- Chitra Mahesh
February 8, 2019
I was so excited when I heard about Meraki, a Kathak presentation and that too a creative initiative by Kumudini Lakhia. I was looking forward to some fireworks on stage as Kathak sometimes amounts to. All that dynamic footwork, chakkars, costumes and rhythms that are so completely mesmerizing. In a one hour program, that is what I would look for. I don't claim to be an expert, but I have been watching dance and its many forms for over three decades and I know what keeps me gripped and what does not.
And I am not about to say that Meraki didn't do all of this! It did. And there were moments, especially when the males did their piece - a sawal jawab that was totally vibrant and the choreography beautifully executed. And then when Sanjukta Sinha took center stage and actually danced, there can only be a few who can follow in her footsteps. What was a bit off for me was the volume at which the entire production was put out. What was the sound person thinking of? And then again in a one hour program, I would prefer a tighter, crisper narration where the soul searching could be kept to a minimum. And I mean an absolute minimum!
I didn't really resonate with the initial part of the production, when Meraki is going through angst about her world and the world outside. Her dark costume didn't help and until the actual dancing started and with the music so loud, I couldn't wait to see the actual core of Kathak which is amazing footwork, bends and turns. For me at least! But having said that, the music was so very evocative (Abhijit Pohankar, Samiullah Khan, Bernhard Schimpelsberger). It plunged you into a vortex of feelings and that combined with total admiration for the dancers and their tremendous energies, was elevating!
I would think the lighting was one of the best things of Meraki. Done by Gyandev Singh, a master, showed how creativity and showmanship needs people like him. The way it was executed reminded me of Broadway shows, where drama is played out in the suffusing of light and shadows. It was spectacular and gave the dancers such sense of drama. Meraki is about a young girl lonely and sad and feeling very claustrophobic. She is looking for that inspiration that will pull her out of depths of her emptiness. Once that realization comes it is always the beginning of a discovery of the soul and self and soon, she is on the path. She sees other young girls dancing with joy and companionship and then a young man comes across her path - full of life and love. She finds herself responding to this call to be alive and joyous. Which is what happens and she finds herself in her dance and the joy of living becomes known to her. The last piece of the production had dancers in a grey costume, signifying the universality of everything including dance and movements. The rhythm that permeates through every aspect of life was sought to be visualized. How each choreographer/ director does this is subjective. It is their vision and way of expression. This cannot be qualified or quantified and therefore cannot really be judged. For me, it was a bit of a downswing on the wow factor.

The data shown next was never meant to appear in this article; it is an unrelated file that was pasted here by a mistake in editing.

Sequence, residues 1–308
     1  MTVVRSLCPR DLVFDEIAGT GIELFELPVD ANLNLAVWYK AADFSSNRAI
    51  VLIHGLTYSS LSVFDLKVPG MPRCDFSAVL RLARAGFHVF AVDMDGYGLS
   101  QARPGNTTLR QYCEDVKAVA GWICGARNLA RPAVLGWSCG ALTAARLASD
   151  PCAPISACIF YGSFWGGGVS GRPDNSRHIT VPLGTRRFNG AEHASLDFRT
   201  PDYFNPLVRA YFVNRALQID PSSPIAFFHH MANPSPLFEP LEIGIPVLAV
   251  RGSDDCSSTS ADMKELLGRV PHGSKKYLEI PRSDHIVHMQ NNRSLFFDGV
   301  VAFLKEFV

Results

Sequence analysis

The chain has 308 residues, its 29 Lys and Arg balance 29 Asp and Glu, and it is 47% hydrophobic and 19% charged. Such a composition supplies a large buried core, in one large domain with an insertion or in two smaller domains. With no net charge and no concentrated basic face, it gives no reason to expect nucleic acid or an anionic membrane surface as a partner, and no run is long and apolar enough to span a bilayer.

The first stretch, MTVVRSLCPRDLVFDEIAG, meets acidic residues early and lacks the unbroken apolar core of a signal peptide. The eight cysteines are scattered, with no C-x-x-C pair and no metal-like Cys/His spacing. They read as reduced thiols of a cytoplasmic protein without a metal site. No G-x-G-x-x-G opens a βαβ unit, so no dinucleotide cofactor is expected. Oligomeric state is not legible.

I have the greatest respect for Kumudini Lakhia and I am glad I was able to see something like this in Chennai and that too at 8pm at Music Academy. It is almost impossible to see this dance form and with such a vision of creativity and it was an opportunity to witness something special.
Chitra Mahesh is a senior journalist based in Chennai.